any cursive scrawl readers up for reading a will? Chesnutt family text? New slave owner county in NC category is red

+1 vote
180 views
The profile for this person has very limited sourcing on FamilySearch. Interestingly, a couple more sources come up for his wife (I've only attached one - so far - when I first saw the slave schedules, I wanted to further validate before attaching them as confirmed matched sources).

Anyway, the will has some issues (though it, sadly, does confirm slave ownership - apparently the first to be recorded on WikiTree for Duplin, North Carolina) such as the date and who is actually named in it. It is the worst cursive scrawl that I've seen in a while. (Somebody didn't want to pay for an attorney, apparently; although many attorneys performed a foul service to legibility.)

According to a user report at FamilySearch, citing the Chesnutt text, the birth year is 1746 (but I don't know if Chesnutt is a reliable source), and apparently Chesnutt agrees with the 1784 death year. (Maybe the probate documents can make it clear - the people at FamilySearch who indexed the source say 1782. . .)

Lastly, don't know if it is possible to tell if Hollingsworth might have had property in more than one county.
WikiTree profile: James Hollingsworth
in Genealogy Help by Fann Fann G2G6 Mach 4 (46.1k points)

3 Answers

+4 votes
 
Best answer
That's not a will, it's an estate inventory. Text on the first page: "An inventory of the personal estate of the late Mr James Hollingsworth, dec'd, taken this 31st day of December 1782". Estate inventory follows, then "The above inventory contains the whole of the estate of Jas Hollingsworth as far as have come to hand this April term 1783, duly sworn, etc (signed) Elizabeth Hollingsworth, her mark". (Inventory doesn't mention property outside the county, by the way; it's an inventory of only personal property, not real estate.)

On edit: probate records and estate inventories in county will books and county probate records will have been written by the county clerk or county register of wills, or by a justice of the probate court or orphans' court, and not by an attorney.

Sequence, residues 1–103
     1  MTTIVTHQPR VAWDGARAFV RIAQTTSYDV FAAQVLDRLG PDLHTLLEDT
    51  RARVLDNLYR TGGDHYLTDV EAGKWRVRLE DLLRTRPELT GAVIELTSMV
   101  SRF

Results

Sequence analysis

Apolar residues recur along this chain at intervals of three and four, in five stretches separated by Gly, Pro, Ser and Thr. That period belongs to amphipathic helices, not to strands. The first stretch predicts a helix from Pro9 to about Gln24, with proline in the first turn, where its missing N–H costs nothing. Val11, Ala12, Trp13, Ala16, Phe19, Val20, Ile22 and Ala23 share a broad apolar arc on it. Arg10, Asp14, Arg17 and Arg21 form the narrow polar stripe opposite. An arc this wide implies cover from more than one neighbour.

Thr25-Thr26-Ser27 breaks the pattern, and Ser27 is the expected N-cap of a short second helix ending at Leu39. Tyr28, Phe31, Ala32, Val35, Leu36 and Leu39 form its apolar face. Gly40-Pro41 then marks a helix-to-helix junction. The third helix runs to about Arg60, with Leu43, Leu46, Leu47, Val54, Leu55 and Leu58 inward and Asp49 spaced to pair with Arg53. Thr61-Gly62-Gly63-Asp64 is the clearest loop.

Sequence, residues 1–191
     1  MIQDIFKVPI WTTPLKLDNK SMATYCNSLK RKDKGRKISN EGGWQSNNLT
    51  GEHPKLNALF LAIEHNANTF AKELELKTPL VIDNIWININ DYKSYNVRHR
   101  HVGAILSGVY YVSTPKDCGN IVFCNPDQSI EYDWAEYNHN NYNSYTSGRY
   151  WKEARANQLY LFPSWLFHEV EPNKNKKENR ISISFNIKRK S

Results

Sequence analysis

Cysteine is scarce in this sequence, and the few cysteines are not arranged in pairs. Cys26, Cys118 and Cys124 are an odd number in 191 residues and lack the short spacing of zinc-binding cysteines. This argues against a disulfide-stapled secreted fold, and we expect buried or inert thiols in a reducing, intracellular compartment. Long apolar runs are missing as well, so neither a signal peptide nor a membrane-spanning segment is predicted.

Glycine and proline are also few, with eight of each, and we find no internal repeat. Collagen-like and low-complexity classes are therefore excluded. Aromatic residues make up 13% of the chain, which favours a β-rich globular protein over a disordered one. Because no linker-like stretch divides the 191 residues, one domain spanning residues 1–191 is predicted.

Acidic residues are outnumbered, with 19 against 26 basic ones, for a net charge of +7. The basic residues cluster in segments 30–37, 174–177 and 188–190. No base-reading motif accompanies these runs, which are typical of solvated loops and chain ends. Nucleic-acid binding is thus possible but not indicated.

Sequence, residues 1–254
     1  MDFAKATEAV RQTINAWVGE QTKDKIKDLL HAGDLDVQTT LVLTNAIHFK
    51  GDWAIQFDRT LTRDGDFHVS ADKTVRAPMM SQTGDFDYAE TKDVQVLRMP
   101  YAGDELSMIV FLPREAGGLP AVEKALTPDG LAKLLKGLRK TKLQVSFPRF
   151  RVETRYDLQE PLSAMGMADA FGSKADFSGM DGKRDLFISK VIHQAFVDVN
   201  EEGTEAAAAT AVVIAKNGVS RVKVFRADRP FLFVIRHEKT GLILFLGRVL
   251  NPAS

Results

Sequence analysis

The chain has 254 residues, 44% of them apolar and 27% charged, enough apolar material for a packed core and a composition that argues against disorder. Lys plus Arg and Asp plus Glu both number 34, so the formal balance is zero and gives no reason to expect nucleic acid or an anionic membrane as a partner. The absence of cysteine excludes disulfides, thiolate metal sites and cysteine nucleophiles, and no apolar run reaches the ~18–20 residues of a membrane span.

by C Handy G2G6 Mach 9 (96.5k points)
selected by Dianne Hood
Starting on the 3rd page of written material, that looked like a will of sorts.
division of personal property may be what I thought was his will (3rd page)?
Nope, that's part of the estate settlement; he apparently died intestate if he died in Duplin County (I had a look out of curiosity, only one Hollingsworth in the Duplin County will book, Jacob, d. 1790).
+2 votes
There are two James Hollingsworth named on the profile. So birth date range is extended up to about 1750 and probably a merge is likely needed.
by Marion Poole G2G Astronaut (1.1m points)
Great catch! I see the next generation where I had a few details had been entered on the duplicate that's completely unsourced.
+1 vote
Here's what I can tell:

Inventory occurred 31 Dec 1782. A division of personal property occurred in April 1783. Vendue (sale) of the house occurred on 5 June 1783. Division of the estate occurred in Oct 1783.

Slaves (7): Jupiter (man), Fanny (woman), Rose (young woman), Toney (boy), Patt (girl), George (boy), Silvia (girl)

Widow: Elizabeth/Elisa Hollingsworth. Signed her mark with a cursive E, so was likely literate.

10 Children total.  (Five not of age), only 7 named in the probate as "orphans".

William Hollingsworth,

Sarah/Salley Hollingsworth,

Mary Hollingsworth,

Jacob Hollingsworth

Rachel, not yet the wife of Benjamin Larsur/Lancir (betrothed it would seem)

Ann, wife of Kidah Harrel

Hannah, wife of Andrew Cox

The widow received slaves Rose and Toney, whom she sold.

Five oldest heirs received Jupiter and Fanny.

Slaves Pat, George and Silvia ordered by court to remain undivided and unsold for five youngest heirs.